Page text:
Just like the sexist concept of a "Girl Friday," the assumption that certain professions are a marker of one's sexual orientation is equally ill-advised. Don't presume that certain jobs are largely populated by gay men. For example:

dancers; ice skaters; nurses; hair stylists; librarians; poets; priests; female impersonators*

*Yes, that's right! Being a "drag queen" is an acting job, and there are many performers out there who are paid to wear feathered boas and heels, but who don’t self-identify as homosexual. Avoid, then, the stereotype of the following occupations belonging predominantly to lesbians. For instance:

professional women golfers; tennis pros; librarians; dog trainers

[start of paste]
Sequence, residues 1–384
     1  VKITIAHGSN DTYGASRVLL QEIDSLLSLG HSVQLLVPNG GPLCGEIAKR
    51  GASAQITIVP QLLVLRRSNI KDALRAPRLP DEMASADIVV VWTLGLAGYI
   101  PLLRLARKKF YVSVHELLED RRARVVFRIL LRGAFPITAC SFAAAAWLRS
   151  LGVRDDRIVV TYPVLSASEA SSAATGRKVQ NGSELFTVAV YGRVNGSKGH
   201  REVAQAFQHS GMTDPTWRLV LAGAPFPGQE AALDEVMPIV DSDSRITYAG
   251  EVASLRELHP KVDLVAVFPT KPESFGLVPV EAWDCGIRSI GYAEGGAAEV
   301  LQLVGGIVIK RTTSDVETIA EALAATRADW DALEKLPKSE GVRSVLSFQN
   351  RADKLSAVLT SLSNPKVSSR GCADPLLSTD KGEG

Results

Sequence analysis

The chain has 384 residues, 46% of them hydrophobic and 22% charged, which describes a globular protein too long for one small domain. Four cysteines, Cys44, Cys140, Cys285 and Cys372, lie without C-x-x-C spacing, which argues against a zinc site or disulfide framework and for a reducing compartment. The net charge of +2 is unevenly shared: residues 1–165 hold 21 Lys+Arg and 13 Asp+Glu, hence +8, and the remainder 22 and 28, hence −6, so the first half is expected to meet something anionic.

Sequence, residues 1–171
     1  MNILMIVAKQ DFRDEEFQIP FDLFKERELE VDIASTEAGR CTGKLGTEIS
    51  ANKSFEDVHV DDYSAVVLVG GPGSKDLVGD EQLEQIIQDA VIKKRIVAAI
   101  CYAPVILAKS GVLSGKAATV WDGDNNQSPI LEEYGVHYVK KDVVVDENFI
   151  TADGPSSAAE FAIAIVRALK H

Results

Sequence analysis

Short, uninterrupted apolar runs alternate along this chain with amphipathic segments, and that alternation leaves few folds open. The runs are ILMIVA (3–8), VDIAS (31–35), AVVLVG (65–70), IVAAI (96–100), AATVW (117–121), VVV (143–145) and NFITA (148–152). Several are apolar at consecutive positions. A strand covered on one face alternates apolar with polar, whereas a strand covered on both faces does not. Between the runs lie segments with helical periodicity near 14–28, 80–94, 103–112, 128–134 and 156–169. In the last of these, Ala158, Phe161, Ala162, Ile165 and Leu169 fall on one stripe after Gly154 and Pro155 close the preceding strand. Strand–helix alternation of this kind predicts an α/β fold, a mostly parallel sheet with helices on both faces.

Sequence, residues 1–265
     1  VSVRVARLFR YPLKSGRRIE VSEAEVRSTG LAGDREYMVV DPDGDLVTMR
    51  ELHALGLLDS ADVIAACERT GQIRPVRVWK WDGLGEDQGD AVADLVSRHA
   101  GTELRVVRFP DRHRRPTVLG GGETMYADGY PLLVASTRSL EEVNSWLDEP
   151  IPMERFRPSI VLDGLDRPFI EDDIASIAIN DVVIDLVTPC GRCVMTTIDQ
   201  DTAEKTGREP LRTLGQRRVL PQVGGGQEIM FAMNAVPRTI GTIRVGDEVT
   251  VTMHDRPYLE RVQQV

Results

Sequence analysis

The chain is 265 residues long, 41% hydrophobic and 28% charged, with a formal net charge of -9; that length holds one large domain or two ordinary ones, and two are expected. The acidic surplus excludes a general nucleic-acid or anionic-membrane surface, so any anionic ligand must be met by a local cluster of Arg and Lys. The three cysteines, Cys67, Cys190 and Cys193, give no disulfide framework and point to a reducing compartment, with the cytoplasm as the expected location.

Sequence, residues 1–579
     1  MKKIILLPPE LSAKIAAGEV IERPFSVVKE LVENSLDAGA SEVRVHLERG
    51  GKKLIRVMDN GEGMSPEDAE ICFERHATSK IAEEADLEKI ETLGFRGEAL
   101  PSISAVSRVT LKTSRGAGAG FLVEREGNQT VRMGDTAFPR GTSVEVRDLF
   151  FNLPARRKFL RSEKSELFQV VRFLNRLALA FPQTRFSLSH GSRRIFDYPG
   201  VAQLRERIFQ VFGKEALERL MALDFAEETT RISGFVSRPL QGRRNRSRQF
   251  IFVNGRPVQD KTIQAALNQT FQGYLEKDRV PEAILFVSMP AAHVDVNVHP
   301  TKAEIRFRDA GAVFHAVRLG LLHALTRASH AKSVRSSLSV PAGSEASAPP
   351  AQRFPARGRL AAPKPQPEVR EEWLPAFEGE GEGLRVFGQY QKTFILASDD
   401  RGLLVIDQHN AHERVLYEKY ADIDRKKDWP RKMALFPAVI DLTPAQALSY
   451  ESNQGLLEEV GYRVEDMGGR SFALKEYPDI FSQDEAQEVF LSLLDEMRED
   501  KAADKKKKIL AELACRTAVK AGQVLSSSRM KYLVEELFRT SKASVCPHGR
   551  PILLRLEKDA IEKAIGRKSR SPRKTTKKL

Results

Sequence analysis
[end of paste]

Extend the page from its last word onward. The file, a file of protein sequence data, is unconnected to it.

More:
Sexuality is complex, and “sexual orientation” isn’t synonymous with “gender identity.” Regardless, the culture incessantly reinforces traditional heterosexual and cisgender mores at every possible turn, from the time we are infants to the moment our names are etched onto our tombs. Everything from children's toys to commercials about chewing gum imply an approval of straight behavior. Try to be aware of your own filter as much as possible to screen out these presumptions from your writing. Statements like, "A woman whose charms no man can resist," or "Every little girl dreams of her Prince Charming" have a powerful way of making those who self-identify as gender-oppressed feel as if they don't matter enough to be of any consequence. When you feel excluded and invisible, you internalize it, and it affects the way you interact with world. What, then, should you do with a piece of academic writing that excludes you and makes you feel invisible in an environment where words like "university" and "collegiality" are supposed to make you feel just the opposite? You may feel as if this is a carping, and that feminists and gay people should just get over wanting special attention paid to them, but until you've experienced their degree of censure, it's not really fair to dismiss their concerns, nor the concerns of those who are empathetic to their cause. If you're not empathetic to their cause, make a sincere effort to show that you're aware of their cause. A little sensitivity has the added effect of being a rhetorically persuasive appeal in your writing: everyone appreciates that you're making an effort to include them.